Source Huffington Post: Medical cannabis will be available on prescription in the UK within a month, according to The Telegraph.
The Home Office is expected to announce the “rescheduling” of cannabis-derived medicines in Parliament within a fortnight, lifting restrictions which mean that until now it has only been allowed in the most exceptional circumstances within a matter of weeks.
Under the new rules, those suffering chronic pain, severe epilepsy or nausea as a result of chemotherapy could be prescribed the drug by specialist doctors.
There are an estimated 28 million people living with chronic pain in the UK, including those suffering from conditions such as arthritis and multiple sclerosis (MS).
The MS Society said that 10,000 people suffering from that condition alone could benefit from the treatment. Read on.
Source Neurology Advisor: Increased levels of physical activity may lead to decreased vascular risk profiles in patients with multiple sclerosis, according to a literature review published in Multiple Sclerosis and Related Disorders.
Researchers in this review searched for published articles in 5 major databases for studies involving physical activity, sedentary lifestyles, or exercise training and the impact these factors have on vascular comorbidities in patients with multiple sclerosis. Read on.
Then please do so by first going to
(our website) and clicking on the amazon logo at the top of the page. It really is that easy!
This raises about 5% of the money spent for OMSTC and does not cost you a penny! Right now we make roughly £30 a month from this source, but it could so easily be a lot more.
Thank you to everyone who donated a raffle prize and to those who purchased tickets.
Appeal for a photocopier for the centre, this one has died, it’s done well considering it was an ex-hired machine and we do not have a maintenance contract on it. I’m not worried about size as long as it copies A4, preferably double sided.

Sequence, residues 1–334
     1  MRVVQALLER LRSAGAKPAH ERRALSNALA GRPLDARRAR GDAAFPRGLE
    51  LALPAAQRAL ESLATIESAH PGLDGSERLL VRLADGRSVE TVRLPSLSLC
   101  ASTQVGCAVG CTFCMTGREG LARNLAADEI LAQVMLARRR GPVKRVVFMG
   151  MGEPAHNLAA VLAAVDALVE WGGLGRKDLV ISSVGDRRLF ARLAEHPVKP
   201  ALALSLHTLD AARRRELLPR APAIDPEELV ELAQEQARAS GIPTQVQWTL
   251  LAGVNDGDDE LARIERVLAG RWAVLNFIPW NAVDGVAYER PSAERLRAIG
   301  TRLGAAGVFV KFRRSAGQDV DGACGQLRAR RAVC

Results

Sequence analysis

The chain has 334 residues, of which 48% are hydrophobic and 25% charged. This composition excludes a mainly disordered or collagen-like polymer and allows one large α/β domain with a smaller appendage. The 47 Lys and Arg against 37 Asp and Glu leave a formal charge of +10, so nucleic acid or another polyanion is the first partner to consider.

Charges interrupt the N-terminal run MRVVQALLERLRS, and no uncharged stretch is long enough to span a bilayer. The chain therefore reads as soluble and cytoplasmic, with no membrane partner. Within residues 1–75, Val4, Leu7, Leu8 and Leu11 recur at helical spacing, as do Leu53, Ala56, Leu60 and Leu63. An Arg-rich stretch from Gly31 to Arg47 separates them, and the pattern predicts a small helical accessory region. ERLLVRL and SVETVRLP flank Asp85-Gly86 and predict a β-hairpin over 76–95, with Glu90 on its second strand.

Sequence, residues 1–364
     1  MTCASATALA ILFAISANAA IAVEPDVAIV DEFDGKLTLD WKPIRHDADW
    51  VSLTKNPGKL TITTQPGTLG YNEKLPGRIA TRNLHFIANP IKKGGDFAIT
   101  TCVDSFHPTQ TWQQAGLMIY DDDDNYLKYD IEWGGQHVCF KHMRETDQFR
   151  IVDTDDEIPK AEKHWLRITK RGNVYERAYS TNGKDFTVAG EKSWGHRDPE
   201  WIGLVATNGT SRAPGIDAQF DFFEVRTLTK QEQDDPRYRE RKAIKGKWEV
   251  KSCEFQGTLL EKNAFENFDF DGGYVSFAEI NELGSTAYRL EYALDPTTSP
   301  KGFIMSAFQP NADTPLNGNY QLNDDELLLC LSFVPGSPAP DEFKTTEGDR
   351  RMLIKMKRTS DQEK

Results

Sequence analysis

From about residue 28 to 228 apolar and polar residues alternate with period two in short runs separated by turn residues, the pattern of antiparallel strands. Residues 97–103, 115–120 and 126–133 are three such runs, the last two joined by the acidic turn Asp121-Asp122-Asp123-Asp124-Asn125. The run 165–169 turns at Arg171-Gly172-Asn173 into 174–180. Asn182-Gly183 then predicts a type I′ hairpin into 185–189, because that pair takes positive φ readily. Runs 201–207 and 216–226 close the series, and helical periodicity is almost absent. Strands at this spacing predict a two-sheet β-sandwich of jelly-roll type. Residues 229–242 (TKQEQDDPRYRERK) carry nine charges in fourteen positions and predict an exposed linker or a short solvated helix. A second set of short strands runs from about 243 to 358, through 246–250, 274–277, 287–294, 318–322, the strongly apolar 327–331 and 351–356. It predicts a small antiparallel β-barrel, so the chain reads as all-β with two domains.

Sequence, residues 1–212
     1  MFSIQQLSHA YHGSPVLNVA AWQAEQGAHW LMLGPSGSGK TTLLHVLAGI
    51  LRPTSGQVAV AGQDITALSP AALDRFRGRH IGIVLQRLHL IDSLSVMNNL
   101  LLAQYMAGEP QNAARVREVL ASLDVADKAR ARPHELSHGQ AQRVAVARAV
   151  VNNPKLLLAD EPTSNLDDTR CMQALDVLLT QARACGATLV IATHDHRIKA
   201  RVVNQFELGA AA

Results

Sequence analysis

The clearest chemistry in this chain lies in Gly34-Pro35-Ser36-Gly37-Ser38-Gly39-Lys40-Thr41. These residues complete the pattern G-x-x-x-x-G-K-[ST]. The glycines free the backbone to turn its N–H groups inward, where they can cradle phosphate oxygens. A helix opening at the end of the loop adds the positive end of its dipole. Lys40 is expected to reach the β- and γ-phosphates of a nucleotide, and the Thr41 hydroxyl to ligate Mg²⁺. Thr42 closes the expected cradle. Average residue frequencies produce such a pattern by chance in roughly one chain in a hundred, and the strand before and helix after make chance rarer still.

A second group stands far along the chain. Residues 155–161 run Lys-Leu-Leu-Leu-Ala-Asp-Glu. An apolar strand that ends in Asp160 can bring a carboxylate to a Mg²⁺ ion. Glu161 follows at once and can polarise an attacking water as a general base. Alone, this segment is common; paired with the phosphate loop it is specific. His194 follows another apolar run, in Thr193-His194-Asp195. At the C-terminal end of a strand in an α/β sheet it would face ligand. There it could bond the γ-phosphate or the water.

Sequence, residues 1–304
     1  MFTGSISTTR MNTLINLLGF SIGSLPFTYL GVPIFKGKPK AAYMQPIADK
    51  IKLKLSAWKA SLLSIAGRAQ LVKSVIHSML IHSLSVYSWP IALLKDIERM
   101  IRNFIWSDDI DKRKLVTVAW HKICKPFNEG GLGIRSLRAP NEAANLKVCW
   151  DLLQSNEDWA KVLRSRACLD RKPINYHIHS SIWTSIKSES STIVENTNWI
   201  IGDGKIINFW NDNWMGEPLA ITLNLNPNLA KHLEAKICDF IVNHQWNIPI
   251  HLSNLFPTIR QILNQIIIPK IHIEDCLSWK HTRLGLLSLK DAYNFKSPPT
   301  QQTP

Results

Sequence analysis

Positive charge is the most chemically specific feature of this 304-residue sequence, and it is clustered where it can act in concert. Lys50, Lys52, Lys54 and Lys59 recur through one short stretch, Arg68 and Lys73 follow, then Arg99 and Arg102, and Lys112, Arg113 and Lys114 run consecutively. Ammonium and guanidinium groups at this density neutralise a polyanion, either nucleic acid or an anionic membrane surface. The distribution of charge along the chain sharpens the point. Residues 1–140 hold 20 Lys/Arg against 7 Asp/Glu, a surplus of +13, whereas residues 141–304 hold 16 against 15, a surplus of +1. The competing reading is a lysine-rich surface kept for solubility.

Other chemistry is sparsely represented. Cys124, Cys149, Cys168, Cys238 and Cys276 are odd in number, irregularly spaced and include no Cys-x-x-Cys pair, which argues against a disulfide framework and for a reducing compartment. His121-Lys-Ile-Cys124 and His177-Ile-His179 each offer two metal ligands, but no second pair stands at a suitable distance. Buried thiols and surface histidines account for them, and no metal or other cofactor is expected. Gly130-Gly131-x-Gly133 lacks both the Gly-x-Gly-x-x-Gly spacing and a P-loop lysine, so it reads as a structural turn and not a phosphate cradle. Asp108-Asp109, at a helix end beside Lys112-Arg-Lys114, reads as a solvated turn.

100 club winners for September:
Total prize fund: £102.50
Source MS Trust: The Risk Sharing Scheme: What is it and how has it made a difference for people with MS?
Diagnose and adios
“Diagnose and adios”. This was the phrase used to describe the management of multiple sclerosis (MS) up until the mid-1990s.
It’s hard to fathom today, but back then neurologists had little to offer people with MS by way of drugs and treatments and many were left to deal with complex and unpredictable symptoms alone. “Neurologists routinely told people like me ‘You’ve got MS – go home and learn to live with it’,” MS Trust co-founder Chris Jones remembers.
The landscape was bleak. MS specialist nurses were few and far between, research into the condition was limited and, understandably, hope was in short supply. Read on.
Source Independent Living: Travelling around the UK is certainly not easy for wheelchair users. Many wheelchair users have, in fact, faced prejudice while attempting to get around independently.
Comedian, Tanyallee Davis, recently suffered and expressed her humiliation on a train journey during which the driver insisted she move from the disabled space she was rightfully occupying, to make way for a woman boarding with a pram.
Unfortunately, the situation escalated to the point where she was taken more than 50 miles away from her destination.
Situations such as this only highlight the need for accessible venues and spaces. With that in mind, Karma Mobility – specialist suppliers of powered wheelchairs – are sharing their greatest apps for accessible travel. Find out more here.